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Alopecia

Do Cancer Treatments with Taxanes Lead to Permanent Hair Loss?

Hair loss (anagen effluvium) is a common side effect of many chemotherapy agents. Typically, this hair loss is temporary and hair regrowth is expected within 3 to 6 months after the treatments are complete. However, there have been some reports of permanent hair loss developing in breast cancer patients that were treated with taxanes.

A recent study examined the histopathologic findings of 10 breast cancer patients who were treated with standard protocol regimens including taxanes and adjuvant antiestrogen hormonal therapy and who subsequently developed permanent alopecia. The goal was to identify any histopathologic or morphobiologic clues that would help identify patients that may be at risk for permanent hair loss after this treatment regimen.

The patients in the cohort were females with a history of breast cancer and alopecia lasting more than 6 months after cessation of combination chemotherapy with taxanes and adjuvant therapy. The results showed that all 10 patients experienced diffuse hair loss, but there was some eventual sparse regrowth.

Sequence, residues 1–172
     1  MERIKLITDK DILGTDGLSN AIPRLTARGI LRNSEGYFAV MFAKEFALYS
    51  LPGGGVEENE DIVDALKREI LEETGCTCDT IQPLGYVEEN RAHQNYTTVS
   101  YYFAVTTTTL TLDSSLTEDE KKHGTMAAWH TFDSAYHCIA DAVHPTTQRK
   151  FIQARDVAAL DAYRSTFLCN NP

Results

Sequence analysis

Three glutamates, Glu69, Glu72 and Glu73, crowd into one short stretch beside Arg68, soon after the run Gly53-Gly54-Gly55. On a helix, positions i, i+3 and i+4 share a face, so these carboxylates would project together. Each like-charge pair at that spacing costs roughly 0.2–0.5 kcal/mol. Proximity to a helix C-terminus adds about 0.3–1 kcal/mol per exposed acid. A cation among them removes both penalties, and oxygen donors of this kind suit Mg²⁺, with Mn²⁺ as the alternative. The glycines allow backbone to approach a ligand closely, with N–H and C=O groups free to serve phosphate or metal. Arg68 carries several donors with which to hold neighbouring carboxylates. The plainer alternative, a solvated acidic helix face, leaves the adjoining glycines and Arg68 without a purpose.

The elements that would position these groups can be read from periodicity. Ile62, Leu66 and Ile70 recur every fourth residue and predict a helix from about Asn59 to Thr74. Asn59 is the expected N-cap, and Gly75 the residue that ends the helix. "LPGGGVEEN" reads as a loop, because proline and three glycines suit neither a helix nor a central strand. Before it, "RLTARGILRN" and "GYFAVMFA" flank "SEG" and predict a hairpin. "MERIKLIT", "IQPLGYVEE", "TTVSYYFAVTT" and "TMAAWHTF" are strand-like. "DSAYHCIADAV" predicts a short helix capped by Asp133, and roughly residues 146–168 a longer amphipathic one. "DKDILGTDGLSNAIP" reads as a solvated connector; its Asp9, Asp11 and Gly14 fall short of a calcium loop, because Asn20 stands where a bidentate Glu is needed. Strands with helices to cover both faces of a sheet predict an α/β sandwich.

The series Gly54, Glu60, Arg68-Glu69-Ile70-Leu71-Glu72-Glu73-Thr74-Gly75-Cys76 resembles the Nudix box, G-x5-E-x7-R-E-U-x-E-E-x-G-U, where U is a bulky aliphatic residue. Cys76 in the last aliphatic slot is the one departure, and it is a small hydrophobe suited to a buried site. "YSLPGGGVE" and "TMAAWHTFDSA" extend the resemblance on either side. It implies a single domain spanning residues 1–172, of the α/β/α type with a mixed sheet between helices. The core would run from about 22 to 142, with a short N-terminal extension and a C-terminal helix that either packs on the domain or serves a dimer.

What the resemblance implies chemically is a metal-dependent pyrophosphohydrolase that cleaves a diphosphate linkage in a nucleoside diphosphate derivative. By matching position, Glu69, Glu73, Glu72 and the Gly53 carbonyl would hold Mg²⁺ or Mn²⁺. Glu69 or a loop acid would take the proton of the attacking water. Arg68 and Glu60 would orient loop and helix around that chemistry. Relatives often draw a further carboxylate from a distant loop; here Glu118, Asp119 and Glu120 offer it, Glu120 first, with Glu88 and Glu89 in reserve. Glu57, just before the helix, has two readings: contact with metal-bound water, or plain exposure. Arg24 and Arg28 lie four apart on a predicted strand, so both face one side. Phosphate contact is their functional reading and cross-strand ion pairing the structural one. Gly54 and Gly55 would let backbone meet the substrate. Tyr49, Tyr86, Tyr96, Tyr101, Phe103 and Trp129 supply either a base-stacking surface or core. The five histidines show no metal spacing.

The study identified three main patterns that could be correlated to the adjuvant hormonal therapy: pattern type A featured diffuse alopecia with only sparse hair, and was seen in 4 patients; Figs pattern B featured diffuse alopecia with accentuation on the vertex of the scalp in 5 patients; and pattern type C had diffuse and patchy alopecia, and this was seen in 1 patient.

The authors conclude that while the hair loss may be initiated by chemotherapy, antiestrogen hormonal adjuvant therapy also represents an important cofactor and may be the factor that sustains hair growth “inertia.” They state that there are a complex spectrum of histopathologic findings that lead to hair follicle cycle disruption, and to permanent alopecia in susceptible patients.

 

Byline: Martha L. Sikes, MS, RPh, PA-C

Posted: May 15, 2017

Source:  JAAD
Adapted from the original article.

[Image: Shutterstock]




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